X-Men Gold Recap and Response
If you’ve been reading any comics news for the past few days, you are undoubtedly aware of the controversy surrounding the recently released Marvel title X-Men Gold. The penciler for the book, Ardian Syaf, abused his position to hide religious and political remarks within the art, which have been interpreted as Anti-Christian and Anti-Semitic. The discovery of these messages, which originated in Syaf’s home country of Indonesia, the world’s largest Muslim-majority country, and spread through Reddit and social media. In response, many people have been taking personal action against the book. Individual readers are either boycotting the book or speculating on its value and buying up all they can. Shops are either selling them to speculators, sometimes at a higher price point, or taking them off the shelves, offering full refunds, and taking orders for Marvel’s second printing. Marvel spoke out against the remarks hidden in their comic, stating that they were unaware of the issue and the messages would be immediately removed from the digital and subsequent print version of the book. Whatever your reaction, the consensus is that it was wrong of Syaf to hide these exclusionary messages in a collaborative book without the knowledge of his partners or employers. While Marvel, and comics media as a whole, has often been political, exclusionary and offensive messages are not the political or social stance Marvel stands for.
It finally appears that Syaf, though it is reported that he bragged about his messages in X-Men Gold on his personal social media accounts and did not at first appear remorseful, has finally realized the gravity of his mistakes. As many readers anticipated and even demanded of Marvel, Syaf’s career is over. As he stated on Facebook earlier:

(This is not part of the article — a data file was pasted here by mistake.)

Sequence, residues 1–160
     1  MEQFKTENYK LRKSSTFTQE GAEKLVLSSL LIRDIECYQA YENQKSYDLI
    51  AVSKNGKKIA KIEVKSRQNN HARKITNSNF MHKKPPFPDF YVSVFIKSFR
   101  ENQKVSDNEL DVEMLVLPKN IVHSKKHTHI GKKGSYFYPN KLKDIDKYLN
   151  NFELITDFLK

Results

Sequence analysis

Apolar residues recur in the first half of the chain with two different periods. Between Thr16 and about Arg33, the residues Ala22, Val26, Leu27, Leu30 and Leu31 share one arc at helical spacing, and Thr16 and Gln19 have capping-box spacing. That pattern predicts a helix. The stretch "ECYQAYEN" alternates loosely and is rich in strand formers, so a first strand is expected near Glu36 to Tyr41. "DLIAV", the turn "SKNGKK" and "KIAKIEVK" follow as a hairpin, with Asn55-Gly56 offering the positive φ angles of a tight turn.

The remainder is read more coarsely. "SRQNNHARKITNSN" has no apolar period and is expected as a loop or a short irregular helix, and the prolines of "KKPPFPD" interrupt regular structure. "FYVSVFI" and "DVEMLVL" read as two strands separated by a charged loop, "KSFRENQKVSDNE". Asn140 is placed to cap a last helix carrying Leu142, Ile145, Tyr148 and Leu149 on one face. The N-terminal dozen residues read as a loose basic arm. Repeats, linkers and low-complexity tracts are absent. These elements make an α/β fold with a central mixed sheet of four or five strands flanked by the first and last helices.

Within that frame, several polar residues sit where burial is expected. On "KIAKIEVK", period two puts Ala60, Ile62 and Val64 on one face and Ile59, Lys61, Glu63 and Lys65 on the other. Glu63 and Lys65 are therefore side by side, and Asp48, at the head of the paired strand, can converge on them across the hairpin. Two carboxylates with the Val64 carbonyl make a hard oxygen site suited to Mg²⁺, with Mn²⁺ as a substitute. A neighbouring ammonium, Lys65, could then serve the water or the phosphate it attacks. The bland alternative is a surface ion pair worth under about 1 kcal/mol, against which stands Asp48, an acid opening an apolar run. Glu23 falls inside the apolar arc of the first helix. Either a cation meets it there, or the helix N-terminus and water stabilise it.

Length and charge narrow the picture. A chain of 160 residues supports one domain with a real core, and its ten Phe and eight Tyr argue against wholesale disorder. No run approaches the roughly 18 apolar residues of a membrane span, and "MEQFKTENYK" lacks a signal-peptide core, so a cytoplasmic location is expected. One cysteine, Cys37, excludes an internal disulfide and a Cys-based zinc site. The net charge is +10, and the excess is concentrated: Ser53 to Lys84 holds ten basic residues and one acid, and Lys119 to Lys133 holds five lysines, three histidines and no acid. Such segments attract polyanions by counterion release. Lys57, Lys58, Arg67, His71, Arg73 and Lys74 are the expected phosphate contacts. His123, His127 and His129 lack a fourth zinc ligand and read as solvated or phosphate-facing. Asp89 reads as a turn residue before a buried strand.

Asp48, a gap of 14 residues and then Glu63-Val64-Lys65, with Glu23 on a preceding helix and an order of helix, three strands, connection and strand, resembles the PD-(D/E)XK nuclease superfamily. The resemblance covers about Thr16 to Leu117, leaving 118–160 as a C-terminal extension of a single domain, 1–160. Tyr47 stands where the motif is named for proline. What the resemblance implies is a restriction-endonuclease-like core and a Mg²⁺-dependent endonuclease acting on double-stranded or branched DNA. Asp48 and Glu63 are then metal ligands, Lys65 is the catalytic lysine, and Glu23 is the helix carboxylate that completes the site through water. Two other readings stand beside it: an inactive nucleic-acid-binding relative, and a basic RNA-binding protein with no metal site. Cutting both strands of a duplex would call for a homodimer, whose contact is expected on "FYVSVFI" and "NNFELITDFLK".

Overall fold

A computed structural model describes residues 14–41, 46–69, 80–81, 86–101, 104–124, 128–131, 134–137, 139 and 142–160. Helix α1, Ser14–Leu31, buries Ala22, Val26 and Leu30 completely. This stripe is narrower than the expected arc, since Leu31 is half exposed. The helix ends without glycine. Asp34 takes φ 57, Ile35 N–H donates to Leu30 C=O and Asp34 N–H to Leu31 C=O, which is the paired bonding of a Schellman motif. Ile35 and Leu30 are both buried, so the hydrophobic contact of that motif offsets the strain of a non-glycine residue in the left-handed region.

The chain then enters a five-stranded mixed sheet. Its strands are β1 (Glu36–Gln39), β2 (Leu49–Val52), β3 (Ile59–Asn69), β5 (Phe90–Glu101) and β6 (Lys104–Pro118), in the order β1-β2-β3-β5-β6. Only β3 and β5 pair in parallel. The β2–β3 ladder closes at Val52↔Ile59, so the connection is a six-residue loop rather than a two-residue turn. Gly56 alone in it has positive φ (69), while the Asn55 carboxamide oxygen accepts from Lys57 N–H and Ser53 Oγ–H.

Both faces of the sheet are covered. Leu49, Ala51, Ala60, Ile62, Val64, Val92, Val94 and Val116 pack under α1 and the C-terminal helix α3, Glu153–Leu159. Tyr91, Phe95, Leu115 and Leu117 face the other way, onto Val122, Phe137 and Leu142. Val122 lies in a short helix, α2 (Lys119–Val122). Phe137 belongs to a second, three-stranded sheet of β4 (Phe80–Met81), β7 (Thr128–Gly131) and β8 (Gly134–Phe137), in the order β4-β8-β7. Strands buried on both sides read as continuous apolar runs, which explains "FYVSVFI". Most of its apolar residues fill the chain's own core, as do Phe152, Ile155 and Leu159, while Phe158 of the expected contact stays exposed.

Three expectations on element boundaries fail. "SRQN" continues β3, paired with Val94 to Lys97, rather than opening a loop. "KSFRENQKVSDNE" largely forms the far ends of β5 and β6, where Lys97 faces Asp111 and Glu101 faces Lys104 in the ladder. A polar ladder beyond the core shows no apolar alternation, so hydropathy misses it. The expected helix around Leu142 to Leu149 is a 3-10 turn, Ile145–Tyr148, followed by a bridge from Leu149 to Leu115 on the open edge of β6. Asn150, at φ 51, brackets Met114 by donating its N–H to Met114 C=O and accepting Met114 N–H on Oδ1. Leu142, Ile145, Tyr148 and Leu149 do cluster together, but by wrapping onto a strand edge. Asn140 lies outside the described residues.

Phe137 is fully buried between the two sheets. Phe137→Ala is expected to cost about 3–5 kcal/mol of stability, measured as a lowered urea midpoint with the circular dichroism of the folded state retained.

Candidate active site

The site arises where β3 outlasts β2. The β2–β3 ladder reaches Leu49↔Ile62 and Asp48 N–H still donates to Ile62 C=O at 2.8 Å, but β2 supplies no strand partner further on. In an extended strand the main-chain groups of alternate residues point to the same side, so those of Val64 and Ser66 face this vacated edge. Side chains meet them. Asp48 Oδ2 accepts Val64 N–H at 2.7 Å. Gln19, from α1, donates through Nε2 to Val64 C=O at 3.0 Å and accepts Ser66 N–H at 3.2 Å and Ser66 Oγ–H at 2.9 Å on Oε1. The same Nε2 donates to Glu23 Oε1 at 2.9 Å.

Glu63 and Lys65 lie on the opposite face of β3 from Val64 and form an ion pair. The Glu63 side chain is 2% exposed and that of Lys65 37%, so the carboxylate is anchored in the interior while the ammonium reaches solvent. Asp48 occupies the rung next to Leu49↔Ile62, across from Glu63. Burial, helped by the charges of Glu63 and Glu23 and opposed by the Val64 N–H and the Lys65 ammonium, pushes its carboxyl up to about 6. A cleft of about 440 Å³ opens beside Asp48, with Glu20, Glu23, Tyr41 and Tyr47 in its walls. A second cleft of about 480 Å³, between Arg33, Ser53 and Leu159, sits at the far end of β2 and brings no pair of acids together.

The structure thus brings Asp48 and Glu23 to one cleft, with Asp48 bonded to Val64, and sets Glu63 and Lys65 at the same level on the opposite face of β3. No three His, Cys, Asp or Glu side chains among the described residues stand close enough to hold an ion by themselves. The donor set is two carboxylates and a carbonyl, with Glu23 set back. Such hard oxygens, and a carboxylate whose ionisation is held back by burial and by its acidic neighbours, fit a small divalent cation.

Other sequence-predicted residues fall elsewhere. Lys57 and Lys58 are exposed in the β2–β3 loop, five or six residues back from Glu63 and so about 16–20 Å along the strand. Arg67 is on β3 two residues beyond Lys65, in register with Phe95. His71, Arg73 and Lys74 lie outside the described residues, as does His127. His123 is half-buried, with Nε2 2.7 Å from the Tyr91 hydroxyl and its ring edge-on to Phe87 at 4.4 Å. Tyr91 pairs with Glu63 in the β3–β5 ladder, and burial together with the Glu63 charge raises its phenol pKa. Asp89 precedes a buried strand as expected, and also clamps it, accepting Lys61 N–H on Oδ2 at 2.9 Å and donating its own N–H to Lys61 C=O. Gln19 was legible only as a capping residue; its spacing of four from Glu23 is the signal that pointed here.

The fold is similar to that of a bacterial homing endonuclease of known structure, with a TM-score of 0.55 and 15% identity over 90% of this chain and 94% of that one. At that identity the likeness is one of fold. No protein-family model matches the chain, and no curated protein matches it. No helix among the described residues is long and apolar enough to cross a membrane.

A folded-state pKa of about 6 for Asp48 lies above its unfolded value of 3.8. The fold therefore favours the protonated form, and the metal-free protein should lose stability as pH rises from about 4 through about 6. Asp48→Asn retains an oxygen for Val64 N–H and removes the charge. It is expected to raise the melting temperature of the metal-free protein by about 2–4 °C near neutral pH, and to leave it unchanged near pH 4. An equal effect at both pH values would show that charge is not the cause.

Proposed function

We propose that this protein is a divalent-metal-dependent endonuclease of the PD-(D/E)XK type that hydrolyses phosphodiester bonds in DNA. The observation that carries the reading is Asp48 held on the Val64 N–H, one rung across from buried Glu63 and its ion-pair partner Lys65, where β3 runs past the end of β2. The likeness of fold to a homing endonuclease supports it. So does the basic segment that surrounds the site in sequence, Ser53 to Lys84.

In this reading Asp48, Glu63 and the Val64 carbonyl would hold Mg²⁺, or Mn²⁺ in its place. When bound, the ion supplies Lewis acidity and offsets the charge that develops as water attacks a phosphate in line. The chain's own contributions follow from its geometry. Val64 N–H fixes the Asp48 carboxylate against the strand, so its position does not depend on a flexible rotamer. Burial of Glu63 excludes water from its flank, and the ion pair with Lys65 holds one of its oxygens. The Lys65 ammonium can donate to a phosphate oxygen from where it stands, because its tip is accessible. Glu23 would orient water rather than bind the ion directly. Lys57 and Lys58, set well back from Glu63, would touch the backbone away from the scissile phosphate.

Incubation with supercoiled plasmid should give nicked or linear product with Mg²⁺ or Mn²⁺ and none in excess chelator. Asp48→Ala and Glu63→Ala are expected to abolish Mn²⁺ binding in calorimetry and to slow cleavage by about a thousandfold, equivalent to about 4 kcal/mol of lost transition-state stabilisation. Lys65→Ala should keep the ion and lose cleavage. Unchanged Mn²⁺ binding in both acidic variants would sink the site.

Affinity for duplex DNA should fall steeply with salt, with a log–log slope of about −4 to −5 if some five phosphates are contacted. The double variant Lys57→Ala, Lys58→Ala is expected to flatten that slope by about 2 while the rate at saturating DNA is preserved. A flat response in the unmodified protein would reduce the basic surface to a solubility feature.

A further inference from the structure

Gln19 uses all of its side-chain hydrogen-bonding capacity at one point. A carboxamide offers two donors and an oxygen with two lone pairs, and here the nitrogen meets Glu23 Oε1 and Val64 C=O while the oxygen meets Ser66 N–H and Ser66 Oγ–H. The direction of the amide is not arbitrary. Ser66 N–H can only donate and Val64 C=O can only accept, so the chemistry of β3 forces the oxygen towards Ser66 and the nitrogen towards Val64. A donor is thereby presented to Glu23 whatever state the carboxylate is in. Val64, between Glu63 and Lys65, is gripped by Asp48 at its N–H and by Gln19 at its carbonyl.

My career is over now.
It’s the consequence what I did, and I take it.
Please no more mockery, debat, no more hate. I hope all in peace.
In this last chance, I want to tell you the true meaning of the numbers, 212 and QS 5:51.
It is number of JUSTICE. It is number of LOVE. My love to Holy Qur’an…my love to the last prophet, the Messenger…my love to ALLAH, The One God.
My apologize for all the noise. Good bye, May God bless you all. I love all of you.
Syaf may not have had completely negative intentions with his inclusion of these messages. Gail Simone, who has worked with Syaf in the past, shares that he was shy, and a pleasant partner to work with. However, being a nice person is no excuse for the severity of this mistake and the nature of the views he has chosen to express on a public forum. As G. Willow Wilson so artfully states in her blog response to the incident, he can keep his offensive views out of our comics:
“This is all to say that Ardian Syaf can keep his garbage philosophy. He has committed career suicide; he will rapidly become irrelevant. But his nonsense will continue to affect the scant handful of Muslims who have managed to carve out careers in comics. From what I can deduce off of Facebook, it appears he is trying to claim the Charlie Hebdo defense…ie, he doesn’t mean anything by it; we just don’t understand the nuance and subtly of the local bigotry. Much good may it do him. Goodbye, Ardian Syaf. We hardly knew ye, which is just as well.”
Syaf Officially Fired
Marvel, too, finally came to a decision regarding his indiscretions. They announced today that he will be removed from the book immediately, though he was originally slated to work until at least issue 5 of the series. Here’s the official statement from Marvel:
“Marvel has terminated Ardian Syaf’s contract effective immediately. ‘X-Men Gold’ #2 and #3 featuring his work have already been sent to the printer and will continue to ship bi-weekly. Issues #4, #5, and #6 will be drawn by R. B. Silva and issues #7, #8, and #9 will be drawn by Ken Lashley. A permanent replacement artist will be assigned to ‘X-Men Gold’ in the coming weeks.”
We can commend Marvel Comics on taking swift and serious action once these messages were discovered. Artists are famous for sneaking their friends into the backgrounds of crowd scenes, or their childhood, home, or inside jokes. These offensive remarks are a different matter entirely. It is especially ironic and unfortunate to find these sentiments hidden in an X-Men book, which has always been a team focused on fighting for diversity and inclusion. We can hope that this example, and the dissolution of Syaf’s promising career because of his offensive views and hateful choices, and the passion of a fan base who demands action against this behavior, can serve as a warning for the future.